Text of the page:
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俄亥俄州参议员提议对家庭学校家长进行背景调查

托儿机构和教育机构的背景调查进展是今年就业筛选行业最大和最普遍的趋势之一。教师、校长、校车司机教练员志愿者访客日托工作者,以及其他各种与儿童或青少年经常接触的人,都受到越来越严格和警惕的就业背景调查政策的影响。由联邦、州和市政府以及个别学校和学校董事会制定的新要求都是努力使学校和日托中心为孩子们提供更安全的场所以及为潜在危险罪犯提供零容忍环境的努力的一部分。

但是,当这种情况下的老师是他们正在教育的学生的父母时呢?这就是俄亥俄州参议员提出的一项新提议的立法——确切地说是参议院第 248 号法案——要求父母接受社会服务调查才能获得教育自己孩子的许可。

社会服务机构将采访有兴趣开始家庭学校程序的父母 - 以及希望让他们的孩子参加互联网或面向计算机的教育计划的父母。然后,面试官会向学区负责人推荐该学区负责人,该学区负责人应该在学生本来上学的学区,是否应该让孩子免于传统的公共教育或拒绝在家上学的权利。

由民主党州参议员卡普里卡法罗提议,参议院第 248 号法案——也被称为“泰迪法”——现在将提交参议院委员会批准和进一步讨论。今年早些时候因严重头部外伤而去世的男孩激发了这项法案。泰迪和他的双胞胎弟弟被他们母亲的男朋友严重虐待。

到男孩去世时,他已经表现出虐待的迹象很长一段时间了,以至于从祖父母到邻居再到老师的每个人都试图向儿童和社会服务机构投诉。社会服务部门并没有将男孩从危险的家庭环境中带走,而是站在一边,让他的母亲把他从公立学校拉出来。然后,她开始在家上学,以使他的虐待迹象不被窥探。但男朋友一直在折磨和虐待这个小男孩,这种虐待最终导致了他的死亡。母亲因危害儿童被判入狱 15 年;而男朋友因谋杀被判无期徒刑。

对孩子死亡的愤怒最终导致了卡法罗的参议院法案,她希望这将有助于保护孩子们在未来免受同样危险的家庭学校环境的影响。然而,该法案的批评者——包括家庭学校法律辩护协会和俄亥俄州的基督教家庭教育者——称该立法存在误导和违宪。在某些情况下,该法案基本上可以赋予社会服务组织强制父母将孩子送到公立学校的权利。对于其他人来说,这只会造成官僚主义的头痛,完全不鼓励在家上学。

迈克尔·唐纳利和家庭学校法律辩护协会甚至将参议院第 248 号法案称为“有史以来最糟糕的家庭学校法”,唐纳利向俄亥俄州看门狗解释说,该法案将花费社会服务和家长大量的时间和金钱,并最终解决不了问题。Donnelly 认为,Teddy Foltz-Tedesco 案件的疏忽首先是由社会服务部门造成的,当时他们没有注意到男孩的老师、邻居和家人的投诉和举报。

此外,该法案还可能面临家庭学校家长的争议,由于欺凌、危险或腐败教师或学校枪击事件的增长趋势,他们中的许多人实际上将他们的孩子从公立学校开除。虽然一些家长当然不应该被允许让孩子在家上学,但纳税人的钱可以更好地集中在让公立学校更安全的地方,无论是通过刑事调查、虐待儿童筛查还是性犯罪者调查——所有这些都可以通过背景调查获得.com – 或在欺凌指控的情况下迅速采取行动。

Background check advances for childcare institutions and educational organizations have been among the biggest and most prevalent trends in the employment screening industry this year. Teachers, principals, school bus drivers, coaches, volunteers, visitors, daycare workers, and all manner of other individuals who see frequent contact with kids or teenagers are being subjected to increasingly strict and vigilant employment background check policies. The new requirements, instituted by federal, state, and city governments – as well as by individual schools and school boards – are all part of an effort to make schools and daycares safer places for kids and zero-tolerance environments for potentially dangerous criminals.

But what about when the teacher in the situation is the parent of the student whom they are educating? That’s the question an Ohio senator is posing with a newly proposed piece of legislation – Senate Bill 248, to be exact – that would require parents to undergo a social services investigation in order to receive permission to educate their own children.

The social services agency would interview parents interested in beginning a home school procedure – as well as parents wanting to admit their children in an Internet or computer-oriented educational program. The interviewer would then recommend to a school district superintendent, supposedly in the district where the student would otherwise attend school, as to whether the child should be excused from traditional public education or denied the right to homeschool.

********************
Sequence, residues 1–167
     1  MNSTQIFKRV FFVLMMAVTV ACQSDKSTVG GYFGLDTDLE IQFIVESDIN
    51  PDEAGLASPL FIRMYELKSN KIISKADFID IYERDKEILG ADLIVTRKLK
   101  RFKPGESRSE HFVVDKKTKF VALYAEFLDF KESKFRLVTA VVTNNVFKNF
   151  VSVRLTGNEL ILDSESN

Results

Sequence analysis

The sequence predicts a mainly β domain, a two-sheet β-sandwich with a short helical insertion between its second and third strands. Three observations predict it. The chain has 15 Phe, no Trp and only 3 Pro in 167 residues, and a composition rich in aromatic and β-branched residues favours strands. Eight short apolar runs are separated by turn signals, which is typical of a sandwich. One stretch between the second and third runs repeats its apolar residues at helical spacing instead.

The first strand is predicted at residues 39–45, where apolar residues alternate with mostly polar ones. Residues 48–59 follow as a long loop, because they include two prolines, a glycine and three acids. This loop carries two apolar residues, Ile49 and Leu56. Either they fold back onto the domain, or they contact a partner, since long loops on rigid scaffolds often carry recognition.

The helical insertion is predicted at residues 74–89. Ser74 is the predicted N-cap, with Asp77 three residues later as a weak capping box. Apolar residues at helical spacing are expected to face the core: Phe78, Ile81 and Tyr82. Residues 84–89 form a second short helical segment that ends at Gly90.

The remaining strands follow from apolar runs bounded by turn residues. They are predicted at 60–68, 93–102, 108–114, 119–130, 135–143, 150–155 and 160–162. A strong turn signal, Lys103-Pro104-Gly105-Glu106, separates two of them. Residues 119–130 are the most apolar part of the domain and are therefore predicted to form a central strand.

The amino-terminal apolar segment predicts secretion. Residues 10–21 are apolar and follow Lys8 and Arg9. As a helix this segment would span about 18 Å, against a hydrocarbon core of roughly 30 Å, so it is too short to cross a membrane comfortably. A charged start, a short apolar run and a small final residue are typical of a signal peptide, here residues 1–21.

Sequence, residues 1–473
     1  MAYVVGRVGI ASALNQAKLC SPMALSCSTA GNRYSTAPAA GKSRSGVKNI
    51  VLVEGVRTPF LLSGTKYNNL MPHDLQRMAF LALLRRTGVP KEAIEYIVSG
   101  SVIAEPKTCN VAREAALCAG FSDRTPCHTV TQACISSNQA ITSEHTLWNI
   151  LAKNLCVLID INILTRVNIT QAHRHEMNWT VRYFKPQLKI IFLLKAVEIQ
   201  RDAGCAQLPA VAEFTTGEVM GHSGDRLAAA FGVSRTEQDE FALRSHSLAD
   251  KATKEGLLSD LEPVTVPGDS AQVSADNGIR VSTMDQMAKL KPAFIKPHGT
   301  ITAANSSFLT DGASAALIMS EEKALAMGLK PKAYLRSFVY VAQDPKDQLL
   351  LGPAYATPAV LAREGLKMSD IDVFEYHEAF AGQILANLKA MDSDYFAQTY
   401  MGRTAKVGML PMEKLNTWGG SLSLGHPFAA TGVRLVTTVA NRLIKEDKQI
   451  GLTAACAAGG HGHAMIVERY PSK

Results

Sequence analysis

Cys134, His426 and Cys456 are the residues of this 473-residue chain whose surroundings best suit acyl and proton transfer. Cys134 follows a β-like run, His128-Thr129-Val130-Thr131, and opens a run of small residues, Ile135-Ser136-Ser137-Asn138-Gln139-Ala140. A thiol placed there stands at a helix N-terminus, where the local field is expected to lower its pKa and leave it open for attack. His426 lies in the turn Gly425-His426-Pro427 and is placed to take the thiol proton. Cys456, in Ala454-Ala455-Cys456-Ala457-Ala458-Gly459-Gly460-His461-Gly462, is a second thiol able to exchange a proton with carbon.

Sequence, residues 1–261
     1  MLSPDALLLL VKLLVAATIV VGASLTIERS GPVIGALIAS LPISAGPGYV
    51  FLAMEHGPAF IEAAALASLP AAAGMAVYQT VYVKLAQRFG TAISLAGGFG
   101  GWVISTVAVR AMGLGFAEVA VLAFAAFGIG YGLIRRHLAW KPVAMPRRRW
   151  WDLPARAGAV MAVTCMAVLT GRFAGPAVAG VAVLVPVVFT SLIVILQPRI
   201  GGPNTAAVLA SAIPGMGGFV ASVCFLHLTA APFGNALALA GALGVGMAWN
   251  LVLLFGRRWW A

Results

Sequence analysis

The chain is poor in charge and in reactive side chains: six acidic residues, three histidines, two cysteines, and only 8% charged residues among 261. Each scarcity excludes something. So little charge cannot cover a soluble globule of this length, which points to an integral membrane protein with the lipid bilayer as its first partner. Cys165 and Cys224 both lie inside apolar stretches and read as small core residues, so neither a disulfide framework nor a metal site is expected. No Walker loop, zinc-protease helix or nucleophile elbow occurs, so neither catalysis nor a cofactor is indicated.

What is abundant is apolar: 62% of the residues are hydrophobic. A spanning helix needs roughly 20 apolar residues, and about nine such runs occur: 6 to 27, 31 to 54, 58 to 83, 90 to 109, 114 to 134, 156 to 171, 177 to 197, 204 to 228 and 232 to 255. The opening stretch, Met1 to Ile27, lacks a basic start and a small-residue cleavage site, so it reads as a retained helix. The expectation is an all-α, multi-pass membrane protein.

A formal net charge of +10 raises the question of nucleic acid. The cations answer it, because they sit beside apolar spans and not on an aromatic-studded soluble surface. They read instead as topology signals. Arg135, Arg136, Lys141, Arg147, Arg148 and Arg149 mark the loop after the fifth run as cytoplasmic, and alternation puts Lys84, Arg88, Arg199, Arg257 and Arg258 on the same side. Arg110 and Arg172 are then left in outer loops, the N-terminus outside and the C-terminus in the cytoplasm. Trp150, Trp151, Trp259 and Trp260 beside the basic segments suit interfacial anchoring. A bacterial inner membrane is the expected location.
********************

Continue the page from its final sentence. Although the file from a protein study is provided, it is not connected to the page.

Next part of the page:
Proposed by Capri Cafaro, a Democratic state senator, Senate Bill 248 – which has also called “Teddy’s Law” – will now go to the Senate committee for approval and further discussion. A boy who passed away as a result of severe head trauma earlier this year, inspired the bill. Teddy and his younger twin brothers were abused heavily by their mother’s boyfriend.

By the time the boy passed away, he had been showing signs of abuse for quite sometime, so much that everyone from grandparents to neighbors to teachers tried to lodge complaints with child and social services. Rather than remove the boy from his dangerous home environment, social services stood aside and let his mother pull him out of public school. She then began a home school regimen in order to keep the signs of his abuse hidden from prying eyes. But the boyfriend was torturing and abusing the little boy, and that abuse eventually led to his death. The mother got 15 years in prison for child endangerment; while the boy friend got a life sentence for murder.

The outrage over the child's death culminated in Cafaro’s Senate bill, which she hopes will help protect children from being subjected to similarly dangerous home school environments in the future. However, the bill’s critics – which include the Home School Legal Defense Association and the Christian Home Educators of Ohio – have called the legislation misguided and unconstitutional. In some cases, the bill could essentially give social services organizations the right to force parents to send their kids to public schools. For others, it would merely create a bureaucratic headache that would discourage homeschooling altogether.

Michael Donnelly and the Home School Legal Defense Association have even gone as far as to call Senate Bill 248 “the worst ever home school law,” with Donnelly explaining to Watchdog Ohio that the bill would cost social services and parents a lot of time and money, and would ultimately not solve the problem. Donnelly believes that the oversight in the case of Teddy Foltz-Tedesco was made by social services in the first place when they did not heed complaints and reports made by the boy’s teachers, neighbors, and family members.

Furthermore, the bill will also likely face controversy from home school parents, many of whom actually remove their children from public schools due to growing trends of bullying, dangerous or corrupt teachers, or school shootings. While some parents should certainly not be permitted to home school their children, taxpayer dollars could be better focused on making public schools safer places to be, whether through criminal checks, child abuse screenings, and sex offender checks – all of which are available through backgroundchecks.com – or by taking swift action in the case of bullying accusations.